American Ignorance about under-developing countries

There are several misconceptions that Americans have toward people who live in under developing countries due to how American society portrays them. Those misconceptions allow Americans to imagine how they live and look like, which create certain suppositions that aren’t always positively true.

In most American classrooms, we are taught about gratitude which pertains to teaching student’s ‌social and ethical skills. As students get older, they begin to hear phrases such as, “Don’t waste your food, there are starving children in Africa” or “Be grateful that you have clothes on your back; there are people who don’t have any.” When children hear phrases as such, they may begin to form an image in their mind in thinking that ALL “poor people” are alike. This mentality forces Americans from a young age to place themselves on a high pedestal, overlooking the other countries that they assume don’t have the same benefits or resources, as them. Little do many know that the disadvantages of many underdeveloped countries have to do with certain cultural or historical reasons, whose in authority and how their economic system has been dealt with over the last century or so.

For example, according to Reasons behind Haiti’s Poverty by Karen Fragala Smith, “Haiti was the wealthiest colony in the New World and represented more than a quarter of France’s economy.” Yet, “After a Haitian slave revolt defeated the French army in 1801, the newly independent nation became the first country in the New World to abolish slavery.” From then on, Haiti’s economy went down hill during the 20th century, due to natural disasters, an epidemic of HIV, and environmental devastation. Therefore, “Haiti is the poorest nation in the Western Hemisphere, but its culture and history are undeniably rich.” At one point America wasn’t doing so well either, if it wasn’t for the end World War II, and the reduction of taxes and spending, who knows how else we would have dealt with the Great Depression. To be merely proud of your country isn’t wrong because we all have the right to be patriotic about where we come from. Yet, to denigrate another country with its present situation is fairly wrong.

According to Most Americans think the U.S. is great, but fewer say it’s the greatest  written by Alec Tyson, “38% said the U.S. stood above all others, while 53% said it was one of the greatest nations and 8% thought some others were better than the U.S.” Most Americans happen to grow up having a nationalistic mentality towards their country with what they are told to be proud of, just as any country is with their resources and benefits. As to 10 Reasons Why You Should Be Proud To Be An American by Lauren Fulte, a couple of reasons that we should be proud to be American are freedom, opportunity, unity and diversity. In reality those reasons are all opinion based and can be viewed differently by others who live in “underdeveloped countries.” Although these characteristics may generally seem true, in several cases, it may not be true. For example, diversity may exist in the United States but racism still exists in that all races aren’t accepted in all neighborhoods. Diversity is viewed differently and exists across the globe, so we shouldn’t take one aspect that we have and say that we’re better than the rest of the under developing world.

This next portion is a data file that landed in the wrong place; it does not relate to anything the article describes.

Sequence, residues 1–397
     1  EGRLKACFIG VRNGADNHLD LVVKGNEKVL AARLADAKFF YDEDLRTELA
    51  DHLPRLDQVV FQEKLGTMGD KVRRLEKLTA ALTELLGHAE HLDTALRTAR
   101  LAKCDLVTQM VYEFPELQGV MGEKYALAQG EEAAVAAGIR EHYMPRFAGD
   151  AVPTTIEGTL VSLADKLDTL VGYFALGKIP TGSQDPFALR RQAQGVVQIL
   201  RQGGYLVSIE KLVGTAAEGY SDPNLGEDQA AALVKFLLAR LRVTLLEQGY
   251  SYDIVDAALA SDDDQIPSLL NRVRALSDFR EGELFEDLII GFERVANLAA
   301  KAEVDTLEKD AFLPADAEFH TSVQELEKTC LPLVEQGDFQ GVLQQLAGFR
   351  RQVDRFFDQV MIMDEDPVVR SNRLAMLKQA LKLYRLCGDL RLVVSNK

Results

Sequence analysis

The first place that comes to mind when most Americans think of the under developing world is Africa. Usually that is because on national television, we watch commercials that ask for donations to send to Africa and constantly seeing that gives you an exclusive image of what Africa is like if you haven’t been there.

The way that the media and society portrays other countries alongside their own ends up causing a backfire effect for many principles that are placed about our country. The United States is considered to be, “a North American nation that is the world’s most dominant economic and military power” according to U.S. News.Yet if you do research about our country being in debt, where our resources come from and how we deal with other worldly causes, you wouldn’t say that our country is the best for a fact, in any aspect.

Many misconceptions that people have about underdeveloped countries are that all of the people are dying of starvation, they all live in rural areas or that the reason for poverty in certain areas are because of bad decisions that they’ve made. These myths and misconceptions reveal the lack of knowledge people have about countries other than their own. Once they do their research on the on those countries, they’ll realize that the information that they had before was ‌wrong.

Therefore, Americans shouldn’t make assumptions on how, and why the people who live in under developing countries live in the way that they do. Those stereotypes conquer many peoples perspectives toward underdeveloped countries, and so as to change that, research needs to be done, the media needs to change how they display those countries as a whole and society needs to be more aware of the actual causes of the issues going on across the globe. They shouldn’t simply send volunteers or donate food and water because eventually the good deed becomes temporary. Donating water, food, clothes and other resourceful products to those countries does a great deed, but once those resources finish, people will eventually need to find a way to get those resources alone.

“Give a man a fish, and you feed him for a day. Teach a man to fish, and you feed him for a lifetime.”

Anne Isabelle


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